Q. Our children are Tom, aged 10, and Grace, aged seven. We'd love them to go off on a Cubs or Brownies-type holiday, but of course they are all single sex and we'd prefer something mixed.
Q. Our children are Tom, aged 10, and Grace, aged seven. We'd love them to go off on a Cubs or Brownies-type holiday, but of course they are all single sex and we'd prefer something mixed. I've heard mention of an organisation called the Woodcraft Folk; there doesn't seem to be a local branch here in deepest Devon, but can we sign them up for a holiday anyway?
S Warner, via e-mail
A. The Woodcraft Folk (020-8672 6031, www.woodcraft.org.uk), sounds like an ideal solution. The organisation shares its historical roots with the Scouts, but welcomes both boys and girls. There are 18,000 members across the UK between the ages of four and 20, with more than 600 local branches. These groups are mainly located in urban areas, but there are some in rural areas, including Devon; groups meet regularly in Crediton, Exeter, Lustleigh and Newton Abbot.
Woodcraft Folk was established as an educational movement and charity in 1925, and was run entirely by young people, with 19-year-old Leslie Paul as its original leader. It aims to create a world built on equality, friendship, peace and co-operation. Through its activities, Woodcraft Folk tries to give its members an understanding of important issues such as the environment, world debt and global conflict.
Members at local branches are divided into four age groups. Children aged four to six belong to the "Woodchips", those between six and nine are "Elfins", 10- to 12-year-olds are the "Pioneers", 13- to 15-year-olds the "Venturers" and "District Fellows", or DFs, are members aged from 16 to 20. DFs are slightly more autonomous and arrange their own activities.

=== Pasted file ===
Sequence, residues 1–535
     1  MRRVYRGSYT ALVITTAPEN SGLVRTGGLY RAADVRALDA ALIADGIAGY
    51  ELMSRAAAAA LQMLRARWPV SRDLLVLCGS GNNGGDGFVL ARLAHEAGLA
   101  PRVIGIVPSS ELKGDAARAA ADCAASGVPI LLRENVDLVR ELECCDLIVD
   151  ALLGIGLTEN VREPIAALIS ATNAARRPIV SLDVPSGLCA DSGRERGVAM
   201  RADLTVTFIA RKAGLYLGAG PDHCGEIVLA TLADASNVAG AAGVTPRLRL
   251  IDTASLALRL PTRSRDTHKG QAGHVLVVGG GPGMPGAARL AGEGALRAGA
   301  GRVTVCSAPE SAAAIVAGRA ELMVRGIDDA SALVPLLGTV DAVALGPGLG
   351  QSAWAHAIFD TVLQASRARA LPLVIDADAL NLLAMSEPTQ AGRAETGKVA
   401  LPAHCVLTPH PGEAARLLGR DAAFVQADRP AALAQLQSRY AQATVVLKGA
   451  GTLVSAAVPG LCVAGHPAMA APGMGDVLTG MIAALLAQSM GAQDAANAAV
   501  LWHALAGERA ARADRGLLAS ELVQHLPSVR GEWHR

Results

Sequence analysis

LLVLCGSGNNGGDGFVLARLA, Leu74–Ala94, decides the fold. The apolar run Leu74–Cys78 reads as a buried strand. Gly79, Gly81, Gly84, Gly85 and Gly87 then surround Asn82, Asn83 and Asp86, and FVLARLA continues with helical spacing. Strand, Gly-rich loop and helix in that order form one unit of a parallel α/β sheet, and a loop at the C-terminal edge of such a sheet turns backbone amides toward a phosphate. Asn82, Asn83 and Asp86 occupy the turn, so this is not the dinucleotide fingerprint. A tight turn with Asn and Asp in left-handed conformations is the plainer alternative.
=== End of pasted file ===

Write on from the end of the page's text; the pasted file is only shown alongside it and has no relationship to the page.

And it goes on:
Groups meet weekly for an hour or two, depending on the age. Members pay a weekly subscription, ranging from 50p to £2, which goes towards the cost of activities and trips away. Some of the actitivies include games, drama, craftwork, singing, dancing and an educational programme. Members contribute their ideas and are encouraged to make suggestions for activities, camps and group trips.
Membership is required to take part in camping trips organised by the Woodcraft Folk, but this will entitle your children to choose from a variety of nights away, including camping and hostelling for two nights at weekends throughout the year, and two week-long trips during the summer holidays.
These breaks take place at specially selected campsites and hostels around the country. One of these is the Cudham environmental activities centre in Kent, which combines hostel and campsite accommodation with a mini-farm and an adventure playground, set in a three-acre, woodland site in the North Downs.
On these trips away, young "woodies" participate in recreational activities and educational programmes, which are all supervised by volunteer leaders and helpers associated with the Woodcraft Folk.
The Woodcraft Folk also venture further afield. These trips are organised by a federation of progressive youth organisations named the International Falcon Movement (IFM-SEI) of which Woodcraft Folk is a member. For instance, this year the IFM-SEI gave members the opportunity to visit Peru. The children, aged between 12 and 18, each made a contribution of around £800 for the two-week trip, with the remaining cost being funded by grants. Trips this year have taken "woodies" to a variety of destinations, including Spain and Sweden.
In addition to these exciting travel opportunities it also holds an "international camp" in Britain every six years - the last one, in 2001, attracted 3,500 participants from around the world who spent a fortnight camping in Nottinghamshire. The next international camp or "Global Village", to give it its official title, will take place in Maidstone, Kent in 2006 and promises to be an even bigger event. More than 5,000 participants from 50 different nations are expected to attend.
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